Do concerns about the economy have you wondering how to recession-proof your finances? You’re not alone. It seems like every day there is talk of interest rate hikes and financial catastrophe. With all of the negativity in the news these days, many Canadians are wondering what to do with their money in a recession. This article will cover three key things you need to know about protecting your finances during an economic downturn. 

Recession Proofing Your Emergency Fund

The average post-World War II recession has lasted for less than 12 months. That period may seem like a short term, however, ask yourself one very important question: Could you go without work for 12 months if you had to?

According to a recent survey by MNP, nearly half of Canadians are $200 away from insolvency. Put another way, most Canadians couldn’t go without work for half a week – a statistic that is frightening if we edge closer to recession in the coming months.

Setting up an emergency fund

Recession-proofing your finances by boosting your emergency savings fund is crucial now more than ever. If you’re not familiar with an emergency fund, you should have at least 3 – 6 months of living expenses saved up for an emergency. This fund is not to be touched in any circumstances other than an absolute, bonafide emergency. 

However, as I mentioned earlier, the average recession has lasted for just less than 12 months. To ensure your finances are recession-proof, it is time to start adding more savings to your emergency fund. 

Increasing your savings rate

If you already have good budgeting skills, you should be saving at least 20% of your after-tax income. Now is the time to start trimming the expenses further and increasing your savings rate to 30% – 40%. A few fewer dinners out now will be appreciated if you or a loved one is unable to work during a recession.

Recession proof your finances: Stacks of coins progressively growing larger into a jar of coins.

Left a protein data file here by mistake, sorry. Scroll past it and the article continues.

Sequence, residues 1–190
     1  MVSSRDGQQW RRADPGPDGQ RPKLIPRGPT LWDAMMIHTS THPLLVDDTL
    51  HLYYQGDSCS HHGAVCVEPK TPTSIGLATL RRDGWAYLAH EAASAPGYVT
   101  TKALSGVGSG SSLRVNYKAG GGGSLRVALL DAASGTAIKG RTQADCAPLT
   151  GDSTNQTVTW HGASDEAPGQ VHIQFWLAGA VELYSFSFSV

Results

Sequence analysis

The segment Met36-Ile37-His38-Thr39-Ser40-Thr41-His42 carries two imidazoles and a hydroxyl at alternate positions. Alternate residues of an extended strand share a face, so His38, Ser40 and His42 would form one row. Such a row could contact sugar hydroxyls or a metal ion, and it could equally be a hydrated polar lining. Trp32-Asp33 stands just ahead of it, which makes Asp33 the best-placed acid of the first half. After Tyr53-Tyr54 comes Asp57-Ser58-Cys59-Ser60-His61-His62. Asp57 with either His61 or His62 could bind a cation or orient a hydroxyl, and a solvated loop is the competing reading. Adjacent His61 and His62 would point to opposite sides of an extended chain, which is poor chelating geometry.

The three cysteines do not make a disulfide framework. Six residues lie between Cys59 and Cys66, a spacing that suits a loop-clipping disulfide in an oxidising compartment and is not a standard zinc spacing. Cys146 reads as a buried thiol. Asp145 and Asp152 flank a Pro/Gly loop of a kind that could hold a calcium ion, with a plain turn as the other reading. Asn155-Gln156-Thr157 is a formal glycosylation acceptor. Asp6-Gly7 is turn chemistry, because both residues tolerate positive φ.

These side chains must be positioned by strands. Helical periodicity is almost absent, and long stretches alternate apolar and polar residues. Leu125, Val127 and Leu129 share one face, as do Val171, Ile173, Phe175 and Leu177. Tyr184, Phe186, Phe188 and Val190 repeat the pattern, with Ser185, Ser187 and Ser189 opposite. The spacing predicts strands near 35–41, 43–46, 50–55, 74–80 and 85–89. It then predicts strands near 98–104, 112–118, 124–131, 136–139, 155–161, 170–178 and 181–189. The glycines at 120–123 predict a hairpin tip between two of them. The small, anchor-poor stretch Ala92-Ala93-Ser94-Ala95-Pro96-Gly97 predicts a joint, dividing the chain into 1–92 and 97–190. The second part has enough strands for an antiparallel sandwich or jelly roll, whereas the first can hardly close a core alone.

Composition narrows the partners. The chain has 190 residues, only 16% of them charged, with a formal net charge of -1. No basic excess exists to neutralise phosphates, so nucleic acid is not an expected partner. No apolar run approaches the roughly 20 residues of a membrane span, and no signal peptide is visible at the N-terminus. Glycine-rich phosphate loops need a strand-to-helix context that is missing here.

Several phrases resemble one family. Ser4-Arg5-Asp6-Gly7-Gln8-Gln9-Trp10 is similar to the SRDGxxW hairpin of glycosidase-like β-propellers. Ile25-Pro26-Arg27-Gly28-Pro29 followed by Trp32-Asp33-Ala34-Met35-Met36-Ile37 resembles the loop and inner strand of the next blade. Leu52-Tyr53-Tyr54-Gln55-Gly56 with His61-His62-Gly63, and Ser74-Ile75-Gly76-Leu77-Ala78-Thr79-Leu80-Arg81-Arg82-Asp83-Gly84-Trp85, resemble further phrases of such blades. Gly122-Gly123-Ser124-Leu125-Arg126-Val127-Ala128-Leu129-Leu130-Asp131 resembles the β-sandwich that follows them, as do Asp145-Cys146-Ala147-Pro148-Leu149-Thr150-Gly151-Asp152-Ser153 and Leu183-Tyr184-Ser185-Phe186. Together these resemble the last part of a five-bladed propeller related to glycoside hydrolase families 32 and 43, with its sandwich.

Recession Proof Your Finances During Retirement

Over the past three months, the Toronto Stock Exchange (TSX) has lost around 7.67%. The TSX encompasses all stocks traded on the exchange – basically the largest and most successful public companies in Canada. If you’re investing for a retirement that is several years away, you can relax. Markets go up and down over the short term but generally move upwards over the long term.

Let’s take a $250,000 nest egg from which you’re withdrawing $20,000 per year. You’re investing your nest egg in a mix of TSX Index funds and a balanced income fund with a net average return of 8% per year. At this rate, you’ll have enough money to sustain yourself over 33 years.

However, using the above example, if you’re withdrawing at that same rate today and your portfolio has declined 7.67%, you may run out of funds in year 25! Reducing your spending today can extend the lifetime of your nest egg. 

If you’re retired, the double whammy of investment declines and inflation will have a larger effect on finances. If you continue drawing down from your investments at a consistent rate you can impact your long-term financial performance. 

To recession proof, your finances, consider tightening your budget and drawing down only the minimum amounts necessary from your investment portfolio. This strategy will ensure that you allow your portfolio time to recover from the current downturn and extend the life of your retirement nest egg.

Recession Proof Your Income

Recessions tend to bring job loss across multiple industries. Now might be a good time to start taking stock of your current skills and future job prospects. Making changes such as leveling up your skills through online courses and additional skill certifications will help you remain competitive in a changing job market.

Review your reference letter and make sure your LinkedIn profile is up to date. If you’re not on LinkedIn you are missing out on an excellent resource to be found and hired for your next position. 

Don’t be afraid to consider renegotiating your current salary if you feel safe in your current position. Talent solution company Robert Half recommends staying up to date on industry trends, building a case and practicing your delivery when you’re ready to have the raise conversation.

Recession proof your income: Two women at a table reviewing a resume

Conclusion

The global economy is going through many disruptive changes, and the future appears very uncertain for many Canadians at this time. One thing is clear, the Canadian economy is resilient and will rebound from whatever the next year brings. Taking steps to recession-proof your finances will ensure your resiliency no matter what happens in the future economy.

About the Author

The column's goal is to level up your financial knowledge and help you avoid common pitfalls and mistakes along the way. Although money management sometimes seems like an intricate task, it doesn't have to be. The advice here is common sense and simple to follow. The first step to a better financial future starts here, and it's never too late to begin. Adam Stapley is a Mortgage Broker with Pineapple Financial and author of the personal finance blog CanadianFinanceGuide.ca. He is intensely passionate about helping Canadians build wealth through the power of real estate. Many of the articles in this column come from Adam's experience assisting Canadians to understand and shape their personal finances. Pineapple Financial Lic #12830 CanadianFinanceGuide.ca adam@canadianfinanceguide.ca